“And to employers I would say don’t write off anybody for not having the right qualifications, you never know what was behind them not achieving in that one small way. And it gives people like me a further determination to succeed against all odds.”
Anastacia Jamfrey, 29, from County Durham, is a project manager at BAE Systems, the defence technology manufacturer. But this job wasn’t an obvious outcome for Anastacia if her early life was anything to go by.
“When I was a child and went to other people’s houses I was amazed to see carpets and curtains, they seemed like a real luxury to me,” said Anastacia. “My parents split when I was two and education wasn’t a priority. Primary school went ok though, and so did the first years at secondary school but I started getting bullied by people in my class.
“The result of that was that I started hanging out with people who were older than me, the wrong crowd. I more or less stopped going to school and then the next thing I knew I was drinking in the park at 13. And then I was pregnant at 15.”
This is something we hear frequently at Movement to Work, young people driven away from education by bullies. The education system must get better at handling this. Especially when, in later years, many people and potential employers are to ready to blame the victim for missing out on their education.
Anastacia attended school so rarely that she was not put forward for many of her GCSEs when the time came. But she did manage to pass GCSEs in English, business studies, IT and RE. Of the last one she said: “I was good at subjects where you could argue!” In fact, Anastacia took her last GCSE two days before giving birth to her son. “Over the last few months before the exams I really decided to focus on the them, and oddly enough being pregnant helped with that, though I wouldn’t recommend that strategy to others!”
Anastacia was really worried about her future. She was suffering from post-natal depression and also had to think about training and working whilst caring for a baby. She did a level 1 qualification in car mechanics but childcare was too difficult to manage for a level 2 qualification. She applied to join REME, the army’s mechanical and electrical engineers but her history of depression meant that she was deferred. Her attempts to find roles in car mechanics were not successful, and she was even advised at a Job Centre to look for ‘women’s jobs’ and not where her interests were, in engineering.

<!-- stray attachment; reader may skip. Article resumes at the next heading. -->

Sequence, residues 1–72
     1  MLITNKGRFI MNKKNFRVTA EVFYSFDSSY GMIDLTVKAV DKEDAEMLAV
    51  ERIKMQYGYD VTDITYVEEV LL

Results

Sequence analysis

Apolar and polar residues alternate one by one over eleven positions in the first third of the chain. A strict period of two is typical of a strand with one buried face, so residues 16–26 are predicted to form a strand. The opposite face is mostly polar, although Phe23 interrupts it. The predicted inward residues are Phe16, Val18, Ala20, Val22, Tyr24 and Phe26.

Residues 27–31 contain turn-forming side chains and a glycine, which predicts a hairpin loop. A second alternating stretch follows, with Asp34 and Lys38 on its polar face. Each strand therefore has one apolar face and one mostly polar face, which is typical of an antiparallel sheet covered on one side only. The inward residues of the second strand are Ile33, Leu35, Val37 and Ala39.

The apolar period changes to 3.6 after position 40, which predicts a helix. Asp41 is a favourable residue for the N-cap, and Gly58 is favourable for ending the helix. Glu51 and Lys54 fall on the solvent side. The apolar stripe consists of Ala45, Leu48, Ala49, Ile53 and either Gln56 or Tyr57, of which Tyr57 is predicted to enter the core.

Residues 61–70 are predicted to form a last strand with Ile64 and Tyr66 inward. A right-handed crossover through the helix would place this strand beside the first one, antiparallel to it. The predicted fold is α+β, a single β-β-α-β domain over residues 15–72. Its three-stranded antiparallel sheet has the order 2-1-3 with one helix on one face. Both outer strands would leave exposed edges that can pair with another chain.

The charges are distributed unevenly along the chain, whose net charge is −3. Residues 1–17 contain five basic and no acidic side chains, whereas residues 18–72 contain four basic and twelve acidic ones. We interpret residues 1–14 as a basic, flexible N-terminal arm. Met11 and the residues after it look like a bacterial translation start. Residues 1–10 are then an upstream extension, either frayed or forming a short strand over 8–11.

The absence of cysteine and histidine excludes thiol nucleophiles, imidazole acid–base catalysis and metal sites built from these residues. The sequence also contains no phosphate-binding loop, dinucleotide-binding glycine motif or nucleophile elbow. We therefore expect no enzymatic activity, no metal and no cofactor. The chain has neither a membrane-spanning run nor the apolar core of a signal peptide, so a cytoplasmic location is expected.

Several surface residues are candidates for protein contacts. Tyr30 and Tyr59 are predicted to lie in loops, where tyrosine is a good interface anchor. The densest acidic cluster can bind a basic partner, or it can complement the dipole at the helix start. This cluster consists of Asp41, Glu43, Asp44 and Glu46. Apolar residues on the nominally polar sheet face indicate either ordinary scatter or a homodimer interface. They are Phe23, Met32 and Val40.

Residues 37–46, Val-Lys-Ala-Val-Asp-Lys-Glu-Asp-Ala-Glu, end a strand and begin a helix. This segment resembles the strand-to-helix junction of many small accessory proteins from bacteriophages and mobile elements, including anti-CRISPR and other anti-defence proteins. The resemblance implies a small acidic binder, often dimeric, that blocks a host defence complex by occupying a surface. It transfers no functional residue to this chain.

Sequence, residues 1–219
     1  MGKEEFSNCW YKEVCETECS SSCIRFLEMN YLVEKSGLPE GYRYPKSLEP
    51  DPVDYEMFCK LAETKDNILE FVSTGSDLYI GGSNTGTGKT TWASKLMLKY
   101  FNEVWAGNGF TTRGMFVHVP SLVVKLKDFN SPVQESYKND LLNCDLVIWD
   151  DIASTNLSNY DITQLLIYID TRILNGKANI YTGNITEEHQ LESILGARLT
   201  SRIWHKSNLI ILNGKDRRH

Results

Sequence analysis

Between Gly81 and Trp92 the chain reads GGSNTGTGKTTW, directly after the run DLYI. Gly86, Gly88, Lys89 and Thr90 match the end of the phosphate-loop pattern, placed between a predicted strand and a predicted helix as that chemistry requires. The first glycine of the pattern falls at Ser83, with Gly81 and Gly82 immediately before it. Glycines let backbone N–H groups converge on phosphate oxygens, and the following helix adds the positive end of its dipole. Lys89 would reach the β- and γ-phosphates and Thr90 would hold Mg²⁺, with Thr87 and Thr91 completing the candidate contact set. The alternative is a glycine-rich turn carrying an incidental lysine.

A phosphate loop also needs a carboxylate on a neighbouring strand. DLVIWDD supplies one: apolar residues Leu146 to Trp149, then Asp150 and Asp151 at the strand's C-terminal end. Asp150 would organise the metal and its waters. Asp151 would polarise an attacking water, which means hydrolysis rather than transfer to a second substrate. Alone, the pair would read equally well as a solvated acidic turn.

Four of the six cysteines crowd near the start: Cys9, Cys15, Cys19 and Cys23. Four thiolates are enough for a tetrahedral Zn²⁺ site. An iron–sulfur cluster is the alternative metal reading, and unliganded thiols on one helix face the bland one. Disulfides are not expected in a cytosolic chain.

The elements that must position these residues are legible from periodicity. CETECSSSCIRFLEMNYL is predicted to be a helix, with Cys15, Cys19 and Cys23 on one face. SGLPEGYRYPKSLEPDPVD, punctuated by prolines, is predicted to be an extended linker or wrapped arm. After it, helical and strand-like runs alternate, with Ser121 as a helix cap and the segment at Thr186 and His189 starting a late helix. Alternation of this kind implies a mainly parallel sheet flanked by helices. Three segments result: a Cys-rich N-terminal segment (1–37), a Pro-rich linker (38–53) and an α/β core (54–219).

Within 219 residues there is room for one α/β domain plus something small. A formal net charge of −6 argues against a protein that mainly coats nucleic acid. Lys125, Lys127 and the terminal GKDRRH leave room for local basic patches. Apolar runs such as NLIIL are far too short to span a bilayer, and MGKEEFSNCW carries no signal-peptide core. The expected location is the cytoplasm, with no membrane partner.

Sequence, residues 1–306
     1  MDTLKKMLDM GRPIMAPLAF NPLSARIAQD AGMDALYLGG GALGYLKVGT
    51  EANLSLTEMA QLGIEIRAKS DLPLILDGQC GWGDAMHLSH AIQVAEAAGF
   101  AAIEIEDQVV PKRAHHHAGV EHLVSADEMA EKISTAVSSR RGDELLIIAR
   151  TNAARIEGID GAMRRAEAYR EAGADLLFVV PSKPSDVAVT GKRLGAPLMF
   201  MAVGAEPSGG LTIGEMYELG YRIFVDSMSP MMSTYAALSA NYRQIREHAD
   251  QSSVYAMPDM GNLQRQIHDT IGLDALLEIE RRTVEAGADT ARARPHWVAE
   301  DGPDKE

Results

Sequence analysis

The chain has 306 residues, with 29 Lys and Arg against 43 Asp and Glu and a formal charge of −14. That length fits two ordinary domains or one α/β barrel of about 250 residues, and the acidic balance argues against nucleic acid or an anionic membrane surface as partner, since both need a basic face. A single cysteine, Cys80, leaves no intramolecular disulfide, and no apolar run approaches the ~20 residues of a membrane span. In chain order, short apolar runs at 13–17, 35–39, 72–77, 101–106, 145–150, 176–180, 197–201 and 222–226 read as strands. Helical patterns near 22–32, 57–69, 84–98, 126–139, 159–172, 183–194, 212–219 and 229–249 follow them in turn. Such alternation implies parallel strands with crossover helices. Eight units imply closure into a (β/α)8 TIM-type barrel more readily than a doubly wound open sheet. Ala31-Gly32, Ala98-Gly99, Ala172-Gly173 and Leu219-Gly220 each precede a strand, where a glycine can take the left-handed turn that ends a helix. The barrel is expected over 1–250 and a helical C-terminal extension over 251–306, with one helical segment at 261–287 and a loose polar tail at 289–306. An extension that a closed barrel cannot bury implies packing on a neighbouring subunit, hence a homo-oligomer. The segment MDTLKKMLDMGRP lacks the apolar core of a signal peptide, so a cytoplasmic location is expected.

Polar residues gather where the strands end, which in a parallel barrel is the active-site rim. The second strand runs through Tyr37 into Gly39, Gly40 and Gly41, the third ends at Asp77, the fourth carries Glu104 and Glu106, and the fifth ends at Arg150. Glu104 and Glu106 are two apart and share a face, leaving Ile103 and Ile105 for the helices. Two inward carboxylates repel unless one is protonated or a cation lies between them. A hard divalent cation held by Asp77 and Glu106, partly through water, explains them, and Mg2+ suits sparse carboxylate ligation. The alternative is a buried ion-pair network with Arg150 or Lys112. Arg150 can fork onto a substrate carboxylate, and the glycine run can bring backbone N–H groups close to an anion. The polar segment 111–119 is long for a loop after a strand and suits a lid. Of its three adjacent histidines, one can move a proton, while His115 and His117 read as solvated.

Anastacia found a job as a cleaner and after this role went on to apply for a role at the Department of Work & Pensions, working in customer service. This led to another role in customer service, working in an eLearning company, where she took full advantage of the training available and gained some level 2 qualifications. However, she was again struggling with depression and was unable to continue as her employer would not support her through her illness. Eventually she left and decided to move to Lancashire to be with her new partner.
It was here that things changed for the better, and through the Job Centre there Anastacia was offered a Movement to Work placement with BAE Systems. “I was amazed to be selected at the assessment day,” she said. “I learnt so much and got work experience in quality assurance. At the end of the placement I had to speak about my experience in front of an audience, part of the selection process for those people that BAE wanted to employ.
“I was so nervous that I cried but I did manage to say that I’d be there, talking to the new cohorts on the Movement to Work scheme the next year! I am constantly reminded of that confident statement, despite my nerves at speaking, by my managers. But it paid off. I was offered a sub-contractor role training to be a quality engineer, providing assurance support to internal and external suppliers.”
During this time Anastacia was keen to progress and successfully applied for a two-year business management apprenticeship at BAE. She is now a project manager working on projects, for example, on replacing the use of hazardous chemicals and materials with alternatives. She is keen to do a project management degree and has cleared one hurdle, her lack of GCSE maths, and hopes to be able to take up that course as soon as possible.
“I want to be a project management director,” said Anastacia, “That’s my aim. But the message I want to send is don’t let anyone tell you what you can and cannot be. Do your best to get work experience and decide for yourself what you want.